Sunday, March 1, 2015

Bad Faith - Flawed belief trumps good science in Hobby Lobby Case

This week, all eyes were on the US Supreme Court when it issued a landmark decision in the case of Burwell v. Hobby Lobby. A majority of justices decided that a corporation could not be forced to offer employee health insurance plans that covered contraception services that violated its owner's religious beliefs.

Bad Faith - Flawed belief trumps good science in Hobby Lobby Case

This week, all eyes were on the US Supreme Court when it issued a landmark decision in the case of Burwell v. Hobby Lobby. A majority of justices decided that a corporation could not be forced to offer employee health insurance plans that covered contraception services that violated its owner’s religious beliefs. 

The legal issues at the heart of this decision are sure to be debated for many years. While Justices Alito and Kennedy state in their majority and concurring opinions that the scope of the decision should be read narrowly, many legal experts argue this decision is a fundamental realignment of relationships amongst people, corporations and the government.

A key provision of the Affordable Care Act (aka ObamaCare) mandated that all health plans offer a basket of prevention services designed to lower overall health care spending and improve health outcomes. Independent medical experts convened by the government selected the actual covered healthcare services. These experts decided that preventing unwanted pregnancy was just as useful as diabetes and cancer screening in keeping people healthy. So, all FDA-approved contraception methods made the list.

Unfortunately, not everyone sees it the same way. Some religions oppose most forms of contraception. Others, like the Hobby Lobby’s corporate owners, object to Intrauterine Uterine Devices (IUDs) and morning-after pills (“Plan B” and Ella) because they believe these methods prevent the implantation of a fertilized egg. 

It’s very important to note that the scientific experts say these methods are not abortifacients. Abortion is just not how they work. Instead, they prevent ovulation or block fertilization.

However, the Supreme Court essentially said that the science in this case doesn’t matter. From the majority’s perspective, a strongly and consistently held belief was sufficient to trump science. 

Justice Alito, in his opinion, said, “It is not for the Court to say that the religious beliefs of the plaintiffs are mistaken or unreasonable” (emphasis added). He granted religion a huge loophole. There is no requirement for even internal consistency of the belief.

The religious plaintiffs hold the belief that abortion is a sin. Therefore, anything that is designed to cause abortion is also a sin. They believe IUDs and morning-after pills cause abortions, therefore their use is a sin. Except, the part about their causing abortion isn’t true. The Supreme Court just ruled that it doesn’t matter. 

Imagine applying this new-found legal principle in other ways. God put us on the Earth to tend his creation. God is perfect and he would never let us do anything that would damage his creation. Humans can’t be causing climate change because global warming is part of God’s plan. Therefore, following regulations mandating my power plant lower CO2 emissions would make me deny my faith. In this case, I have to assume the Supreme Court (or at least four of its justices) would have my back—if I truly believed it.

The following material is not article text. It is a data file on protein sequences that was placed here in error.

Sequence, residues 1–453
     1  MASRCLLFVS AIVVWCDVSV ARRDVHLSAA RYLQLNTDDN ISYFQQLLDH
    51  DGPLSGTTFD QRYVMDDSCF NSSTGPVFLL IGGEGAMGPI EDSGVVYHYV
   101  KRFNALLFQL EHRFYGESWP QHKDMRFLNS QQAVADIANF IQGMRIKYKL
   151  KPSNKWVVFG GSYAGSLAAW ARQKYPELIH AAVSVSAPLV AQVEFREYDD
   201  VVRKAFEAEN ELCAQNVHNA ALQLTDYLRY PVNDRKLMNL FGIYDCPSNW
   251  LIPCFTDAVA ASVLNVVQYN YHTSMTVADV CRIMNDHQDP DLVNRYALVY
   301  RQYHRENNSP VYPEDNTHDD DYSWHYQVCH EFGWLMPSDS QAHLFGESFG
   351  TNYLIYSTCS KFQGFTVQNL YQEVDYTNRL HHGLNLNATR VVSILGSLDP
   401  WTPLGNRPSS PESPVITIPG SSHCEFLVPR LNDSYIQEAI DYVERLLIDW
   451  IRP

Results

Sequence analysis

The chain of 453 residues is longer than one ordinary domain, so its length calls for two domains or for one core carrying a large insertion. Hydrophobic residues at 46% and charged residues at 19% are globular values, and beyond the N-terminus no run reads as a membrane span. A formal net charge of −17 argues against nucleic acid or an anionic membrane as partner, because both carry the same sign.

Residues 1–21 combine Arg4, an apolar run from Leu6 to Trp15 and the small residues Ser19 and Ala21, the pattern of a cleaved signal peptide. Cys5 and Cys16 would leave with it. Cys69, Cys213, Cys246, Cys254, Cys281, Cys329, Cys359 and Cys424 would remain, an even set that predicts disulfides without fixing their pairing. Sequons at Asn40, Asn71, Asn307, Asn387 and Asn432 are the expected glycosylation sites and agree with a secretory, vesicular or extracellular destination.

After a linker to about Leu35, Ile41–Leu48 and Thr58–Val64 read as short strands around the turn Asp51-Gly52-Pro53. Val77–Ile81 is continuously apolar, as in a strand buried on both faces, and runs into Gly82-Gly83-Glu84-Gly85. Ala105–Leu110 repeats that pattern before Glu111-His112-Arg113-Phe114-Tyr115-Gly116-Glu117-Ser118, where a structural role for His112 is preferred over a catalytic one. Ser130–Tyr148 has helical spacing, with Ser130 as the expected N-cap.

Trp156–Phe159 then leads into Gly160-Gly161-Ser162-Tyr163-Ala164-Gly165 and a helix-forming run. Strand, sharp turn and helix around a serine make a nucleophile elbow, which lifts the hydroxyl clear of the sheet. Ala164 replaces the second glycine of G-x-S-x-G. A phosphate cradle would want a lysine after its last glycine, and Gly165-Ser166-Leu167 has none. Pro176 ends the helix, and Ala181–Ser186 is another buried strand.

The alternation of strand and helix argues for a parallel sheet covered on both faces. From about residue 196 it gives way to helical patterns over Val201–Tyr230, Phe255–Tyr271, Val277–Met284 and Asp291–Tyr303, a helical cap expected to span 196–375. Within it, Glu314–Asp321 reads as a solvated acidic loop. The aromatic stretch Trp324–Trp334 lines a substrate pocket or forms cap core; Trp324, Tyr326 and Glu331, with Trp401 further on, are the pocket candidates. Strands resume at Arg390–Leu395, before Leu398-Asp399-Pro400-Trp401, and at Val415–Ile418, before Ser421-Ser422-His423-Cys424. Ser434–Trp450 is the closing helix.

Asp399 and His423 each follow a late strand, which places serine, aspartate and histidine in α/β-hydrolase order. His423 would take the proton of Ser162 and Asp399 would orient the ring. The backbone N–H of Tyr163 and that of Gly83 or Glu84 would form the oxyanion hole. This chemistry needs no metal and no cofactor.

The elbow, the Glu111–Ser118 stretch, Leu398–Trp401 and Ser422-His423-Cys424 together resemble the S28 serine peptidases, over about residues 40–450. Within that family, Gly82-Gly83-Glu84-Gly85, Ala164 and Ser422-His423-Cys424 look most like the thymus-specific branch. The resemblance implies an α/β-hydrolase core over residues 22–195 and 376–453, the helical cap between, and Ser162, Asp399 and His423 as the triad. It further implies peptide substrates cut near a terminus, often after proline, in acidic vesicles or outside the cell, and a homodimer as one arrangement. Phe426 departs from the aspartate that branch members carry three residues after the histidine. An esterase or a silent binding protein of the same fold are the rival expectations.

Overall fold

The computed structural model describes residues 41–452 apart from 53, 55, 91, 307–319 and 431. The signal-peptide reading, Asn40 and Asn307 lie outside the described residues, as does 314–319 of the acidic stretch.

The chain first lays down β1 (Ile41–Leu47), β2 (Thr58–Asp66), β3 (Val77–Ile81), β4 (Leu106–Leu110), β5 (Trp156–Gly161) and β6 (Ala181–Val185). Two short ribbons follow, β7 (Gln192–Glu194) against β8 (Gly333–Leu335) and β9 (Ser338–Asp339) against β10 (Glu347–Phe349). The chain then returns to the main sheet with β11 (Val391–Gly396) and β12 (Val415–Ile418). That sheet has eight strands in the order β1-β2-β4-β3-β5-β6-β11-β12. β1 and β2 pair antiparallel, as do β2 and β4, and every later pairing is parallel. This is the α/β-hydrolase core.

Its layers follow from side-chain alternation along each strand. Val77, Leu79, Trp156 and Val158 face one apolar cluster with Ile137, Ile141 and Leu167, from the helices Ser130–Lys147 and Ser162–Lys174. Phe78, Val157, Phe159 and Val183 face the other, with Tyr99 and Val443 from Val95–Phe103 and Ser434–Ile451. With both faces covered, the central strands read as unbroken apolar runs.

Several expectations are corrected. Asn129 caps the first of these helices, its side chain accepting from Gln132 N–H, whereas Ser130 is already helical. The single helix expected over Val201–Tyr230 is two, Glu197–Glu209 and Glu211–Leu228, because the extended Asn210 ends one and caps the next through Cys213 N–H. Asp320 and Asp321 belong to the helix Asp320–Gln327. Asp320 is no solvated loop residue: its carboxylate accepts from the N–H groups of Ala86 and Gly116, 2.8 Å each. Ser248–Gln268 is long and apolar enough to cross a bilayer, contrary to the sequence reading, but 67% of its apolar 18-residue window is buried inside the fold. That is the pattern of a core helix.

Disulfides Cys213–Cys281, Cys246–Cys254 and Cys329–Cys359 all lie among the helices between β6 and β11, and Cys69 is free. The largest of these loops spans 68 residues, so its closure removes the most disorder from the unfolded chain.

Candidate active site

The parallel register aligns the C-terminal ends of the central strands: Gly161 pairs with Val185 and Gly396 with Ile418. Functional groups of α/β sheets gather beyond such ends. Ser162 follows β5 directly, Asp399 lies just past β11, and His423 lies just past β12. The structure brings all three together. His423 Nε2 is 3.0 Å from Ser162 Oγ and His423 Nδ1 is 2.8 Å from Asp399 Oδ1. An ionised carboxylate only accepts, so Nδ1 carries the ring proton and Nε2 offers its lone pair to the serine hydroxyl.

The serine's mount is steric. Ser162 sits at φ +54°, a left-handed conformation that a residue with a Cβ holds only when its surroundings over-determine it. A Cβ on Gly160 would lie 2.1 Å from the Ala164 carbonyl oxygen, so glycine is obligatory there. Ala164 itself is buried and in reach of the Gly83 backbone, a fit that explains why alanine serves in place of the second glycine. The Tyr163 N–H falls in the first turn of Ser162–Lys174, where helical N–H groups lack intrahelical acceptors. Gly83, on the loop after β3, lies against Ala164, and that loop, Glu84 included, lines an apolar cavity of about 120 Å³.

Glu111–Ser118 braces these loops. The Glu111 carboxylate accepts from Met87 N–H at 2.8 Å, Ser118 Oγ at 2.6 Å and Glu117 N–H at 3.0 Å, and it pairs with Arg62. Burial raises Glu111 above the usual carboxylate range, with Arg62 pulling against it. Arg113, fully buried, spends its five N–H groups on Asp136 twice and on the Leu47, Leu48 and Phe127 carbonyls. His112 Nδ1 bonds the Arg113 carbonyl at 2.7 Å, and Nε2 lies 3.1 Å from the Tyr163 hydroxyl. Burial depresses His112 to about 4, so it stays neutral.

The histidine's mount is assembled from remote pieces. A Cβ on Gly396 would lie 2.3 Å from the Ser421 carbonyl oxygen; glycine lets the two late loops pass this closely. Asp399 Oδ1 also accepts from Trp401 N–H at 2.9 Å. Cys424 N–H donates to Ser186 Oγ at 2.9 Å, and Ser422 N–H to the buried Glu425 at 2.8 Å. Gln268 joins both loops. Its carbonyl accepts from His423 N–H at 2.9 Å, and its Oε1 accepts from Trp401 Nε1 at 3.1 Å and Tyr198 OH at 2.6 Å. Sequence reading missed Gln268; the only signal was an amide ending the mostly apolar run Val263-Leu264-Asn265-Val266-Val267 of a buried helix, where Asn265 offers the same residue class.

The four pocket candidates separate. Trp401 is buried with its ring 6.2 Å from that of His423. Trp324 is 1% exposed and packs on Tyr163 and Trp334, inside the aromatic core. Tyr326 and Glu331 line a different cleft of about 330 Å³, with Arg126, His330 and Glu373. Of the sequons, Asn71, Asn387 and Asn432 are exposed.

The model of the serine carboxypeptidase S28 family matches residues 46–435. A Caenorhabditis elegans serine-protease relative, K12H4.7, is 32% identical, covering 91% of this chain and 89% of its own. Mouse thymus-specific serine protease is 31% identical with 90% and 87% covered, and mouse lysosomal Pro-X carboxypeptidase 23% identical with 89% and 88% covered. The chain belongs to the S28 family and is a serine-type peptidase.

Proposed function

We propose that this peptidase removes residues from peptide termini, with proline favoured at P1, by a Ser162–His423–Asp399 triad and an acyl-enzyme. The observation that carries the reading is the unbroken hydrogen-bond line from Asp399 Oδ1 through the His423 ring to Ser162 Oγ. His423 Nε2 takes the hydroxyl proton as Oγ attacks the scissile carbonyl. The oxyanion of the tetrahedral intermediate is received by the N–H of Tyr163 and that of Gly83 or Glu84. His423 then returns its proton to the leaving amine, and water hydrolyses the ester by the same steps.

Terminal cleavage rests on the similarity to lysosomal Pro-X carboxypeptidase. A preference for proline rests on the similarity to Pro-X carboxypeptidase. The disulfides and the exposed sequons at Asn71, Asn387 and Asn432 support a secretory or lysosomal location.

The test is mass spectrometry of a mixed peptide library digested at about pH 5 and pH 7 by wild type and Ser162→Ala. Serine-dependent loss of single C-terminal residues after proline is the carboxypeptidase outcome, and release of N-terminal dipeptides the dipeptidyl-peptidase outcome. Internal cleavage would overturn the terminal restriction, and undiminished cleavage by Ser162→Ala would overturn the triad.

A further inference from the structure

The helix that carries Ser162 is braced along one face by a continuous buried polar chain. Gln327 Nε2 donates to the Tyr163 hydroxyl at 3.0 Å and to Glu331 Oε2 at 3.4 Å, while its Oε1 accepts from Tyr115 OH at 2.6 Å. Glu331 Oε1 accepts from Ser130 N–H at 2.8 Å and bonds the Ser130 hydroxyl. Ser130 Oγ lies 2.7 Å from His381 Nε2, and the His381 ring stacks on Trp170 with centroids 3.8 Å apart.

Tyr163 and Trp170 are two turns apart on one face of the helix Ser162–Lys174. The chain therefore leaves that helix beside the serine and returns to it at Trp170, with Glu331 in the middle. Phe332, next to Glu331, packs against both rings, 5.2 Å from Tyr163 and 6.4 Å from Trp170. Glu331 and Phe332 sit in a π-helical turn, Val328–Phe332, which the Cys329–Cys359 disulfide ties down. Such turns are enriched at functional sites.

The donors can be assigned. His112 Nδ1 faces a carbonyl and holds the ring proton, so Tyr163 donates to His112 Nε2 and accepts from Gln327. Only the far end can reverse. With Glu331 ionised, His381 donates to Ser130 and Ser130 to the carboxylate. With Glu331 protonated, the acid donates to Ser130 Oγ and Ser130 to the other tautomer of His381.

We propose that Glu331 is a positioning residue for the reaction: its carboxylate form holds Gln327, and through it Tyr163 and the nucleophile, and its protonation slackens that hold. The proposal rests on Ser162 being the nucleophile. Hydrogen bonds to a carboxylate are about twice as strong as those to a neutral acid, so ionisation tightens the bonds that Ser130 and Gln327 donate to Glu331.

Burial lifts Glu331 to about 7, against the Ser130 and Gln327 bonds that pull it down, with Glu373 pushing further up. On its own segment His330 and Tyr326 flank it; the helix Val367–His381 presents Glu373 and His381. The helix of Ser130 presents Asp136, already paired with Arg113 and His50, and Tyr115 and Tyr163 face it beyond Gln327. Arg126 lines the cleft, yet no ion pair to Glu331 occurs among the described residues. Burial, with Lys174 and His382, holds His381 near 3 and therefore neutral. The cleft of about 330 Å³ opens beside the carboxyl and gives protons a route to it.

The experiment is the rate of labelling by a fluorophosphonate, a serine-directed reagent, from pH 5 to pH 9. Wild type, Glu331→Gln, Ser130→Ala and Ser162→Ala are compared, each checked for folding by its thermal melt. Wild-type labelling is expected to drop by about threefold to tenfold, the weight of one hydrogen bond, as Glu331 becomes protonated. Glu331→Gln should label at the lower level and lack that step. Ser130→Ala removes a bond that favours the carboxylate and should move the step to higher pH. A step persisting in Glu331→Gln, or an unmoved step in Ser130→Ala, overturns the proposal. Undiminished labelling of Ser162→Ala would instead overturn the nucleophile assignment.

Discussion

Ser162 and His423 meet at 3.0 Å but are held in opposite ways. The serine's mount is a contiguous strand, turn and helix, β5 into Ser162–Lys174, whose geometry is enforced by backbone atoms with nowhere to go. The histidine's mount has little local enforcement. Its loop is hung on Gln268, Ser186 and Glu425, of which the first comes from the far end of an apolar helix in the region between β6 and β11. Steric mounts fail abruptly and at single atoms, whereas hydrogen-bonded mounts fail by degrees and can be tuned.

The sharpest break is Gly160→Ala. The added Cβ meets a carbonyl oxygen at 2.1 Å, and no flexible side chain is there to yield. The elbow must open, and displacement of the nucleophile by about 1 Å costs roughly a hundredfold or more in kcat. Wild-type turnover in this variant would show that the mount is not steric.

Drew A. Harris, DPM, MPH Director of Health Policy Program at the Jefferson School of Population Health
About this blog

The Field Clinic reports and analyzes health care laws, government policies, and political trends that are transforming the care we receive and the way we pay for it. Read more about our panel of bloggers here.

This blog is produced in partnership with Kaiser Health News, an editorially independent program of the Henry J. Kaiser Family Foundation, a nonprofit, nonpartisan health-policy research and communication organization not affiliated with Kaiser Permanente. Portions of this blog may also be found on Inquirer.com and in the Inquirer's Sunday Health Section.

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Robert I. Field, Ph.D., J.D., M.P.H. Professor, School of Law & Drexel School of Public Health
Jeffrey Brenner, MD Founder of the Camden Coalition of Healthcare Providers, Medical Director of the Urban Health Institute at Cooper University Healthcare
Andy Carter President & CEO, The Hospital & Healthsystem Assoc. of Pa.
Robert B. Doherty Senior Vice President of Governmental Affairs & Public Policy American College of Physicians
David Grande, MD, MPA Assistant Professor of Medicine at the University of Pennsylvania
Tine Hansen-Turton Chief Strategy Officer of Public Health Management Corporation
Drew A. Harris, DPM, MPH Director of Health Policy Program at the Jefferson School of Population Health
Antoinette Kraus Director of the Pennsylvania Health Access Network
Laval Miller-Wilson Executive Director of the Pennsylvania Health Law Project
David B. Nash, MD, MBA Founding Dean of the Jefferson School of Population Health
Mark V. Pauly, Ph.D. Professor of Health Care Management, Business Economics and Public Policy at The Wharton School
Howard J. Peterson, MHA Managing Partner of TRG Healthcare, a national healthcare consulting firm
Paula L. Stillman, MD, MBA Healthcare consultant with special expertise in population health and disease management
Elizabeth A. W. Williams Senior Vice President & Chief Communications Officer for Independence Blue Cross
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